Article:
The abatement in COVID cases is a relief to Doug Sawyer, the interim chief medical officer of MaineHealth, the state’s biggest hospital system. But he faces the challenge of structuring care for patients who delayed care during the surges, leaving them sicker.
Bed space is still tight. Rebuilding teams with travel nurses who have become crucial and costly stopgaps as medical staff have burned out takes time. Even fewer COVID-positive patients still need precautions, leading him to predict “a prolonged recovery.”
For Heather Ward, a primary care medical director at Waldo County Hospital in Belfast, work is certainly easier than it was a few months ago. She has been able to return to providing family care, not just managing COVID-19 problems. But intake procedures and other precautions she takes when interacting with a patient who might have the virus or simply a cold means how she provides care on a day-to-day basis has been altered for good, she said.
That was hard to accept when the delta surge began last summer, especially because the vaccine was so prevalent, she said. But Ward said she has since moved on from those feelings.
“We have to accept and move on,” she said.
Many would say the same for Maine’s economy. The pandemic began with doomsday fiscal projections for states and local governments, but a wave of federal aid has led to a projected $1.2 billion budget surplus for Maine through mid-2023.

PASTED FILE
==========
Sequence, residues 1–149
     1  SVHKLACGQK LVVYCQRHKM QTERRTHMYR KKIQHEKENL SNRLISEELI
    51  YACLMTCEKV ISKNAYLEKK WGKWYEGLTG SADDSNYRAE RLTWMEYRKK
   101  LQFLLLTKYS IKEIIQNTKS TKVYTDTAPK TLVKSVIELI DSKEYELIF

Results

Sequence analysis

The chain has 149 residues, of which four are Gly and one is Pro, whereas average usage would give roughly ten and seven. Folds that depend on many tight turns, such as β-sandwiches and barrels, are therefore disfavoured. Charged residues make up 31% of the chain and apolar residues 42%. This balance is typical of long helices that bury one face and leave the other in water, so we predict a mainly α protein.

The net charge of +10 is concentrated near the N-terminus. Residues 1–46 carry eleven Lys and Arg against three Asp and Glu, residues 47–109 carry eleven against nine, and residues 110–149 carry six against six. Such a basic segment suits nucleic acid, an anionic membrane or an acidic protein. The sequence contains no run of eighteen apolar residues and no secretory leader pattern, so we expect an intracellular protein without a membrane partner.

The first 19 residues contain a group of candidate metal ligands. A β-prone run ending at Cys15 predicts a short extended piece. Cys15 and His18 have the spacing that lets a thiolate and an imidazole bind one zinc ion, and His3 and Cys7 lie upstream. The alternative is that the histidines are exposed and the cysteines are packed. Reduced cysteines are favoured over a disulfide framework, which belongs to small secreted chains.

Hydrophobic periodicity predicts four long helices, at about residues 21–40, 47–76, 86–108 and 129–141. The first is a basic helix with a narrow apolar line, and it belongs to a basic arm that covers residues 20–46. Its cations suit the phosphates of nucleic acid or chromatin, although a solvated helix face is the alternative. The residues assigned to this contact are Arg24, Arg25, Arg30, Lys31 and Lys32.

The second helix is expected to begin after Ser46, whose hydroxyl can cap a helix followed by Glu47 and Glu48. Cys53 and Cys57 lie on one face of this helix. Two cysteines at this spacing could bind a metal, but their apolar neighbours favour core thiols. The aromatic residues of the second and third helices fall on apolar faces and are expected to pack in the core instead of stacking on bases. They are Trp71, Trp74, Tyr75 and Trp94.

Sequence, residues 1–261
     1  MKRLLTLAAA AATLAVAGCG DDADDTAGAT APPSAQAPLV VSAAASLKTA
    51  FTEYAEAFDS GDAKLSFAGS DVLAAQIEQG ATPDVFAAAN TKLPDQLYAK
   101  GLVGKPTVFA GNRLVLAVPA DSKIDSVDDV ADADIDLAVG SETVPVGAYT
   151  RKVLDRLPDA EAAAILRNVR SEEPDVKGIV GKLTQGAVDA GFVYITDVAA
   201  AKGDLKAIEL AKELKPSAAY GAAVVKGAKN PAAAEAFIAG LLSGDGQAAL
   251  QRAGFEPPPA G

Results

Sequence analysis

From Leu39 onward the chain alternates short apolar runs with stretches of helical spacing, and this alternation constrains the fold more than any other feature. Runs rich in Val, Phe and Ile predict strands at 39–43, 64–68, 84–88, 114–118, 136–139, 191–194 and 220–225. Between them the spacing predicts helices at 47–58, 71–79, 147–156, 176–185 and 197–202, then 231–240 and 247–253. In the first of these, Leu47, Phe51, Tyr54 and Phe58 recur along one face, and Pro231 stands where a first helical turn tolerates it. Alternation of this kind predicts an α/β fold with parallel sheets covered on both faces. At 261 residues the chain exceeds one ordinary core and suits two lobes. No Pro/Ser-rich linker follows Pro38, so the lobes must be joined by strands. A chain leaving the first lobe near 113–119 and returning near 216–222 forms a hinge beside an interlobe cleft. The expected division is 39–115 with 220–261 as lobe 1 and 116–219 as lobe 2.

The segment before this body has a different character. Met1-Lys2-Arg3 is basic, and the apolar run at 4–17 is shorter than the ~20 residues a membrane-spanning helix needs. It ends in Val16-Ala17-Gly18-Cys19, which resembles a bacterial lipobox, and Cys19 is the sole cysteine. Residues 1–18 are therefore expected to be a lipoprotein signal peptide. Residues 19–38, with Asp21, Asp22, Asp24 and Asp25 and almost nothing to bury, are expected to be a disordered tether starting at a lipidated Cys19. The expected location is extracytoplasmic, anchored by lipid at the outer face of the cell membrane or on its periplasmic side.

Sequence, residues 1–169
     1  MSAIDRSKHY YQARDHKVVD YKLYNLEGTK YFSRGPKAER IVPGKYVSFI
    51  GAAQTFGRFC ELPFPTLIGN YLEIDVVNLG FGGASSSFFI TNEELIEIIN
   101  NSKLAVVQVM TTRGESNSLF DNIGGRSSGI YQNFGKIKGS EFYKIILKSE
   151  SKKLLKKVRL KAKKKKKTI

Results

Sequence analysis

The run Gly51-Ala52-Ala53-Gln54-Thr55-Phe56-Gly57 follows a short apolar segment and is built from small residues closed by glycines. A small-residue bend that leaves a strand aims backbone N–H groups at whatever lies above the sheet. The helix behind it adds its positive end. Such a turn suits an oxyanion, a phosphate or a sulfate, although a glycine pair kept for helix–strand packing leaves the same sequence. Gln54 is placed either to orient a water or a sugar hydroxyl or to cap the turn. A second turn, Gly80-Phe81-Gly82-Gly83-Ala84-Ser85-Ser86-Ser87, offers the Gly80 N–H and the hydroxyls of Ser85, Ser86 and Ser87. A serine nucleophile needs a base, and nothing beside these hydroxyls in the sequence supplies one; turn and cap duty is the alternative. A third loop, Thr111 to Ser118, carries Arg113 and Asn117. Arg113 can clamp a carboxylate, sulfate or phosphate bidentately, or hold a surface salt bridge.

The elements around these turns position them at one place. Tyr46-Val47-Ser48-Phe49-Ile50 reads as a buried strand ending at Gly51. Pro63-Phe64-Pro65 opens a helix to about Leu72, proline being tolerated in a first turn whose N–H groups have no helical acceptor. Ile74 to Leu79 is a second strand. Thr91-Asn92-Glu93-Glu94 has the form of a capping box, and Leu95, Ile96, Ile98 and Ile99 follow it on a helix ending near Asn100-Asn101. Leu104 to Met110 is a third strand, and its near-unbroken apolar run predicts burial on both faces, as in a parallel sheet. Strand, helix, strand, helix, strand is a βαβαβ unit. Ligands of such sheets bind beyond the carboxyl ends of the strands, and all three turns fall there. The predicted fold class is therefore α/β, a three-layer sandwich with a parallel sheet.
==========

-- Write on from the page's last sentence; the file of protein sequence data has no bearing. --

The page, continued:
Gov. Janet Mills, a Democrat, has called for $750 relief checks for most Mainers to help offset cost increases. In the past week, prominent Republicans including former Gov. Paul LePage, Mills’ likely opponent in the 2022 election, backed suspending gas taxes.
Businesses are still feeling pandemic effects. Retailer Mexicali Blues buys much of its clothing, jewelry and home decorations for its five Maine stores from craftspeople in seven countries. Port congestion, trucking delays and problems with customs persist. Keeping its online business going during early pandemic closures, along with curbside service, helped the company turn profitable by the end of 2020 and this year.
CEO Topher Mallory said staying flexible and communicating with staff frequently has helped as different safety protocols came into play with surges of the delta and then omicron variants. Investing in morale, including frequent video calls with managers and staff to allow everyone to give input, made a difference when they had to return to wearing masks, he said.
“As a small business, a lot of it is outside our hands,” he said. “We are getting as creative as we can with different routes. I’m not sure that it’s going to go away for us.”
None of this means the next year of the pandemic will resemble the first two. The greater availability of vaccinations and therapeutic treatments means Maine has more tools to prevent hospitalizations and deaths from the virus in the event of another surge, Shah noted.
Wheeler, the Bangor resident, said he cannot help but feel angry when he thinks about people not bothering to take precautions when risk is high. He is keeping an eye on news of an emerging variant recently discovered on a small scale.
“We haven’t changed; we haven’t let down our guard,” he said. “We don’t intend to.”
BDN writers Jessica Piper and Lori Valigra contributed to this report.